Special Case: Monopolies Monopoly refers to a situation in which one firm is the only seller in a market. This usually results in very high prices, since there is no competition to keep prices in check. For example, Pepsi and Coke cost about the same amount of money. If Pepsi were to charge twice as much, most people would choose to buy Coke, and Pepsi would lose business and revenue. However, if Coke did not exist, and Pepsi were the only cola supplier in the market, Pepsi could charge twice as much; without any other options, people would buy Pepsi at the higher price, and Pepsi would have a huge profit margin. In a competitive market, firms are price-takers, that is, they are too small to be able to set prices for the market to follow, so they cannot charge as much as they want, since their competitors can undercut them and win all of the customers. Monopolists, however, can set prices as they please, since they have no fear of competition.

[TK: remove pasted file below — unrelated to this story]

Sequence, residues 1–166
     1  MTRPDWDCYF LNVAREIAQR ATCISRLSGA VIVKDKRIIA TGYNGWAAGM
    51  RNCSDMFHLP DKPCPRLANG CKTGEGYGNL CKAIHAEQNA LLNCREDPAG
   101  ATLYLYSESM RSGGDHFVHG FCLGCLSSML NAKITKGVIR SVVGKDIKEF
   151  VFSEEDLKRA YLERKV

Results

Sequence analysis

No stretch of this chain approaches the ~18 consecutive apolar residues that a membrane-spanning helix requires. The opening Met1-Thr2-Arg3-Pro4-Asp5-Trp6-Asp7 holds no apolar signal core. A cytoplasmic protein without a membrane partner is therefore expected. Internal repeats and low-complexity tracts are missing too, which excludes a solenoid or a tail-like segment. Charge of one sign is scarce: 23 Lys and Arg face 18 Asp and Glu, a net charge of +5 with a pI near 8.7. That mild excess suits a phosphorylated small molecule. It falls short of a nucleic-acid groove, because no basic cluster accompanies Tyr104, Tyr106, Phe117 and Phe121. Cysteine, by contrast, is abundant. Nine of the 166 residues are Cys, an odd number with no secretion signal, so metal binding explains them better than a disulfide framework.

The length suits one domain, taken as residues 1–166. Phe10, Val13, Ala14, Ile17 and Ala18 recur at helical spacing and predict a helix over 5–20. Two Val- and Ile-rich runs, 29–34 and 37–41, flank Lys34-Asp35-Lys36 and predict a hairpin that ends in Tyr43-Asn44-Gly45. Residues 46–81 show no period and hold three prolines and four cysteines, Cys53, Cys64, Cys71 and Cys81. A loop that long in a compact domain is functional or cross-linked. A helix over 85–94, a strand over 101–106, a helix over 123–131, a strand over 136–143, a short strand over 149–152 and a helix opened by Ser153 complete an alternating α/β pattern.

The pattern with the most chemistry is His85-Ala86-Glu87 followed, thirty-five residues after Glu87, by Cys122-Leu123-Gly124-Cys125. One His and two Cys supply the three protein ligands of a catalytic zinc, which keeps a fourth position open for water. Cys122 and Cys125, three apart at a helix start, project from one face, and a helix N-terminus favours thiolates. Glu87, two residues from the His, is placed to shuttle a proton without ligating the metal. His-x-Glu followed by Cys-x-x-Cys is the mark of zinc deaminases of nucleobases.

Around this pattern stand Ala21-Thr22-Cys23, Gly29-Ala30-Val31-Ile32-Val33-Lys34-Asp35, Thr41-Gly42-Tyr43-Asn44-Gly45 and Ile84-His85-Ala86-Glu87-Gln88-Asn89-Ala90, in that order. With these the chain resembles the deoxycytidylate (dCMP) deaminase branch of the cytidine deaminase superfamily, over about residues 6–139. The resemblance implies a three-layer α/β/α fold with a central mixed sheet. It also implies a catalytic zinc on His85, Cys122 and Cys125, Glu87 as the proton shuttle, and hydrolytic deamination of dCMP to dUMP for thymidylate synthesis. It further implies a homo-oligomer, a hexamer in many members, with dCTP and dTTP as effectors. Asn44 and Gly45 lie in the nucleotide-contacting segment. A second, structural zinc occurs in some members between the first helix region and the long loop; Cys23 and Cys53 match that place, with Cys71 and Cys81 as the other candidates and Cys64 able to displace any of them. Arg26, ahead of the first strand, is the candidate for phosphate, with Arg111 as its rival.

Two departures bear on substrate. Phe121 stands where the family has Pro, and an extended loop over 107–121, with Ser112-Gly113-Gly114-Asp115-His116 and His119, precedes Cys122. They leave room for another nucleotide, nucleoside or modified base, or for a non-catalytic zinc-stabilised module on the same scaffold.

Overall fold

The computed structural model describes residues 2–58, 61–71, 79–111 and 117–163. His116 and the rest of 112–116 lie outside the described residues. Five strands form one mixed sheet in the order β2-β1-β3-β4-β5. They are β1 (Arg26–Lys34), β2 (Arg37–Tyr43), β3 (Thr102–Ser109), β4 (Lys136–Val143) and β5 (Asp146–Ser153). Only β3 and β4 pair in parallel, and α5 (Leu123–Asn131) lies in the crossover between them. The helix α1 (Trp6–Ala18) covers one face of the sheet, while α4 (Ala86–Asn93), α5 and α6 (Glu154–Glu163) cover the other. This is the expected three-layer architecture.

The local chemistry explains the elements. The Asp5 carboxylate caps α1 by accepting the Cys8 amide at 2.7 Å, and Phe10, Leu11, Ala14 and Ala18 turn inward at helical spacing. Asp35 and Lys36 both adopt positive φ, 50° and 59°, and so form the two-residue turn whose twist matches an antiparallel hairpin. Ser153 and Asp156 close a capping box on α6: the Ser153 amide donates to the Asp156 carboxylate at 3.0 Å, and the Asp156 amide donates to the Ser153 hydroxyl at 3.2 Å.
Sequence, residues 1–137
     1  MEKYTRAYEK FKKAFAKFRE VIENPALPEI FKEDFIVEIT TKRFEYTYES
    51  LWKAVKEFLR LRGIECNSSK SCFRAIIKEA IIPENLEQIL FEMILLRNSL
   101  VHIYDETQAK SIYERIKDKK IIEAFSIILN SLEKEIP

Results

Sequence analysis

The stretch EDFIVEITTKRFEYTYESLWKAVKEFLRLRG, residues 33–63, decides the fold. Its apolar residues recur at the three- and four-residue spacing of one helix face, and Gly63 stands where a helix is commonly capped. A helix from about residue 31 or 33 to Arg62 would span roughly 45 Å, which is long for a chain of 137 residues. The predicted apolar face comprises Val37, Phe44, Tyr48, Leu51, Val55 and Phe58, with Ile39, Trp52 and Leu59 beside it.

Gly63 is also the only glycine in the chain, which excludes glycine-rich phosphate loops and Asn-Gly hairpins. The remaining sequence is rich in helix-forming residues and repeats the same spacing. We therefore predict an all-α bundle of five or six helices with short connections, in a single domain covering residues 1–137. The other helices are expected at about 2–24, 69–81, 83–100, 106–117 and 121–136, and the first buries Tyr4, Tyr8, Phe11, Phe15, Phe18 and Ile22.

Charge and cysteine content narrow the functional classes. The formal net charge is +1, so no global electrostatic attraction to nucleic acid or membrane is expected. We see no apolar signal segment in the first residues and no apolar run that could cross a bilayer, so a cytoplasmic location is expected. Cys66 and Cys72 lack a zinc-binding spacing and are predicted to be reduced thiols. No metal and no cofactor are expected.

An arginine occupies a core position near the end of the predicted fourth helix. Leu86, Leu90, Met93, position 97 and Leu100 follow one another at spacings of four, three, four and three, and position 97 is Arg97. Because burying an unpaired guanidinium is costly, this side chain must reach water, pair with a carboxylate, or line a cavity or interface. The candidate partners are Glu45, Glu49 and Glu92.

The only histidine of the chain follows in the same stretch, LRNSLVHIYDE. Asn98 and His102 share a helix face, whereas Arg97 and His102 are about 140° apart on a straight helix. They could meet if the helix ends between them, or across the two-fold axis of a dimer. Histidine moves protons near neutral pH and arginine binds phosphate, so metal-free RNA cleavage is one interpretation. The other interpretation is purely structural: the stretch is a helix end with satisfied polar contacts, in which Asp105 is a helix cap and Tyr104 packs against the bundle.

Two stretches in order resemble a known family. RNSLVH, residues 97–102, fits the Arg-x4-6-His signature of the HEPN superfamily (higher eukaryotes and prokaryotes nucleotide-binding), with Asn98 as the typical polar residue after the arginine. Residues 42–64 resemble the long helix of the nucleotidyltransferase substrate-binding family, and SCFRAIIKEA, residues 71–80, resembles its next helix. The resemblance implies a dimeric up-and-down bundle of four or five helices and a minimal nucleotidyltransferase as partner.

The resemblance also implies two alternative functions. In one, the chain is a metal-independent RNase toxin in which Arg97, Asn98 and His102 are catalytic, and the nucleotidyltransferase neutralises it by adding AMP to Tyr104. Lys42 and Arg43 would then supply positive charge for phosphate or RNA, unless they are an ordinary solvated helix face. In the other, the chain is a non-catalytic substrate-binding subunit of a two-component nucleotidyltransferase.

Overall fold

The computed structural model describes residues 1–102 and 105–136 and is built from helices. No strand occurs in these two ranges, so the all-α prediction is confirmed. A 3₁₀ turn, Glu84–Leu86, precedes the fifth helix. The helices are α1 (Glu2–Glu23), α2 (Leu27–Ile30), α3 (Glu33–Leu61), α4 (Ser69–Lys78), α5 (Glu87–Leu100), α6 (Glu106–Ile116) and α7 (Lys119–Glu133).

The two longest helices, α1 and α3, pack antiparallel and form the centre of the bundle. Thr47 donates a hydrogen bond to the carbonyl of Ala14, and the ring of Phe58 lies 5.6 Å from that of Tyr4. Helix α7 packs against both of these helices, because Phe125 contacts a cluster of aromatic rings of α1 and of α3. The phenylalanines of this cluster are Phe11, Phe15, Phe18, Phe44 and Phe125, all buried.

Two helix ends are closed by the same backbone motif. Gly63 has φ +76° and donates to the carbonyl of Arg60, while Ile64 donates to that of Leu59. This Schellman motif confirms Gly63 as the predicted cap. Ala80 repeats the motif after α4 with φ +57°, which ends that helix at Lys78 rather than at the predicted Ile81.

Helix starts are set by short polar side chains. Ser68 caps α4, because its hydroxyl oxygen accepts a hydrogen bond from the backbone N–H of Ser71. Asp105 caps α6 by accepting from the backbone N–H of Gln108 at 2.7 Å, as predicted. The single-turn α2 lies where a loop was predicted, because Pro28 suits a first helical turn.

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This note was uploaded on 02/09/2012 for the course ECO ECO2013 taught by Professor Jominy during the Fall '08 term at Broward College.